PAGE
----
Educational research illustrates that learner motivations are influenced in powerful ways by instructors’ pedagogical and behavioral choices (Garcia and Pintrich 1996; León et al. 2015; Noels et al. 1999; Patall et al. 2008; Reeve 2009; Reeve et al. 2004). Different classroom situations give rise to different types of learner motivation, and these particular types of motivations shape students’ engagement, persistence, and achievement (Deci and Ryan 2000; Pelletier et al. 2001; Pintrich 1999; Ratelle et al. 2007). Positive forms of motivation, such as value- or interest-based drive, are linked to deeper learning approaches, better performance, and outcomes such as critical thinking, pro-social behavior, and self-regulation (Deci and Ryan 2000; Gagné 2003; Pintrich 1999; Pintrich and De Groot 1990). By contrast, less positive motivations, such as reward-based drive, relate to surface-level learning, poorer performance and persistence, and negative emotions (Black and Deci 2000; Deci and Ryan 2000). These relationships are not simply correlational: path models illustrate causal links between different types of motivations and specific learning outcomes (Fortier et al. 1995; Kaplan and Madjar 2017; Lavasani et al. 2011; Walker et al. 2006). Given the impacts of course design on motivation and the effects of motivation on outcomes, educational practitioners may benefit from a detailed perspective on learner motivations that illustrates the relationships between pedagogical choices and motivations at the situational or class activity level, where opportunities for interventions may be more apparent and more easily understood.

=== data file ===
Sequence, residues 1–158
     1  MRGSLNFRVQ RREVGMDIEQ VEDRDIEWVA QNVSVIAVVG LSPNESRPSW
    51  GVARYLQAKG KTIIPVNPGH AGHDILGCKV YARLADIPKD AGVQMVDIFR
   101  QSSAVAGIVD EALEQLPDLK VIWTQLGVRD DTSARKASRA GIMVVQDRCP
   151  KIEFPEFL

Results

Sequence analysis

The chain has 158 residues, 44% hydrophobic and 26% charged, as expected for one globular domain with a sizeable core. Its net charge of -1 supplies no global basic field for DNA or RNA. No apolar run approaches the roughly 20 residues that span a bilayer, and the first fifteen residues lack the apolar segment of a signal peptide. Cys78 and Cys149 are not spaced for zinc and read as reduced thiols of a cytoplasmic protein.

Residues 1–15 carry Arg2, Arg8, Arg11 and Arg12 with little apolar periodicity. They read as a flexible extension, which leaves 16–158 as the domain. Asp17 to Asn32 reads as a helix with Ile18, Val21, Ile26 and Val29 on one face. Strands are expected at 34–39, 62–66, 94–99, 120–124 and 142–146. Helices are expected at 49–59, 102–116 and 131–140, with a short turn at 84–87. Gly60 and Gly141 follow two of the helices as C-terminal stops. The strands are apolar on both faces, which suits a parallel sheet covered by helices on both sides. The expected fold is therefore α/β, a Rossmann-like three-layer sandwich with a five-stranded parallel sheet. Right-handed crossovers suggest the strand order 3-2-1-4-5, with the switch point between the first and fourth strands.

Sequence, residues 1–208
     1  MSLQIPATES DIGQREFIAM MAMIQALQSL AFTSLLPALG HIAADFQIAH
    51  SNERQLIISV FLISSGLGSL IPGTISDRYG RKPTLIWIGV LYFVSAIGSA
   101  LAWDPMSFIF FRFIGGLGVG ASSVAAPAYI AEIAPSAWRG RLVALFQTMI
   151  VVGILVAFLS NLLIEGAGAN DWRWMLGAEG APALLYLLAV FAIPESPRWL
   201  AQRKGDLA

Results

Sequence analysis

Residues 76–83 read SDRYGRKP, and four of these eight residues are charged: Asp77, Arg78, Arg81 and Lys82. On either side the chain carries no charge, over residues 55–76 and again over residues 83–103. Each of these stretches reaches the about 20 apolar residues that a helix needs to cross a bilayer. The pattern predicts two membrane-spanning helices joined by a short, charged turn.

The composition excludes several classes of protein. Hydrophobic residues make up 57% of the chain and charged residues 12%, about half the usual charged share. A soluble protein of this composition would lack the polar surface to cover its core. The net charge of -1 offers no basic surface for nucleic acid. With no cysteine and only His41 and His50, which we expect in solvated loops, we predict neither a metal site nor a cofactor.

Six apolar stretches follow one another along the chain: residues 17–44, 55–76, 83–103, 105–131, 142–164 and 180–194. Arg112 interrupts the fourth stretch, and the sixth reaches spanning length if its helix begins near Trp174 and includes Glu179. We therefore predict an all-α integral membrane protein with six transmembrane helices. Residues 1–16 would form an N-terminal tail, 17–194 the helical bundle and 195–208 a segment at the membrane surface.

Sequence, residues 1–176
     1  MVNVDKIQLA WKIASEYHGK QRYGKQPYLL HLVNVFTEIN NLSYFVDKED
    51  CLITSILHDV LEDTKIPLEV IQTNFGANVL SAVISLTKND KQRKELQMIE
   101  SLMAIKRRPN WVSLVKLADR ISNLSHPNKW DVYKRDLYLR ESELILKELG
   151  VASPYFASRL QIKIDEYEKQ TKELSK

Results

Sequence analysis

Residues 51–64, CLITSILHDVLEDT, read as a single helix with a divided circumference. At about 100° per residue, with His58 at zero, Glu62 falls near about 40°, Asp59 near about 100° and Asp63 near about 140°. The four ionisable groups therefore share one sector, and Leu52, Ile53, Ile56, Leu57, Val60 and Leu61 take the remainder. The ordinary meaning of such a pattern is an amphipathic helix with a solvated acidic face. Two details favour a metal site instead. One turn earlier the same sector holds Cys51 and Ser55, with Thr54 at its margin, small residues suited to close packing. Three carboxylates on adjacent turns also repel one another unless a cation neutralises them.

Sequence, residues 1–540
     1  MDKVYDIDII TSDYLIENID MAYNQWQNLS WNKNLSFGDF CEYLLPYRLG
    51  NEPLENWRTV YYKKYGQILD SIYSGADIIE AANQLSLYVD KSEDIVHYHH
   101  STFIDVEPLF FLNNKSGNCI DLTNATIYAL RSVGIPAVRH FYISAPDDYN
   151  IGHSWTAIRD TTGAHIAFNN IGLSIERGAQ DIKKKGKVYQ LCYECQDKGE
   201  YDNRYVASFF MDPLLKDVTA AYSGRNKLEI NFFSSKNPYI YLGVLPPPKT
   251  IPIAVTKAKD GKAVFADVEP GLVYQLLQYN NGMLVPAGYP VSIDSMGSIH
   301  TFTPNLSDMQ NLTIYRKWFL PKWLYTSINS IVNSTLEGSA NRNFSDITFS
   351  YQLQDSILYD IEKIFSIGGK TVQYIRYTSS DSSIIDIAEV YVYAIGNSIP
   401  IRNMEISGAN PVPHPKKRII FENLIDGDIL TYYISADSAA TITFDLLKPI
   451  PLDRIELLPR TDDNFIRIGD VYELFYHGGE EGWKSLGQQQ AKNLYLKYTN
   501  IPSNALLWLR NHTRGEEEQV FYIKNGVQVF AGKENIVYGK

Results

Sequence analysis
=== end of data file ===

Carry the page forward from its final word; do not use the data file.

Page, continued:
This study adds depth and nuance to educators’ understanding of student motivation in college STEM courses by presenting findings from quantitative cluster analysis of situational motivations, a technique that reveals the multifaceted nature of motivation, or learners’ simultaneous expression of different forms of motivation at any given time (Ratelle et al. 2007). In addition, we examine relationships among motivation, pedagogy, and self-reported gender identity and assess the stability of students’ motivations throughout the semester in a course. Enhancing the educational community’s understanding of how women and men motivationally engage in STEM learning is especially important at this time, as STEM is not succeeding in creating diverse and inclusive learning environments. Indeed, the billions of dollars spent on initiatives aimed at increasing the percentage of women and other underrepresented groups in STEM (National Science and Technology Council 2011) have resulted in little gain over the past 20 years. Despite the rise in the total number of science, technology, engineering, and mathematics (STEM) degrees awarded in the USA, the share of degrees earned by women in STEM fields remained essentially constant at 35% between 2008 and 2016 (U.S. Department of Education 2018). Examining STEM through a student motivation lens may provide valuable insights into this challenge.
Literature review and theoretical framework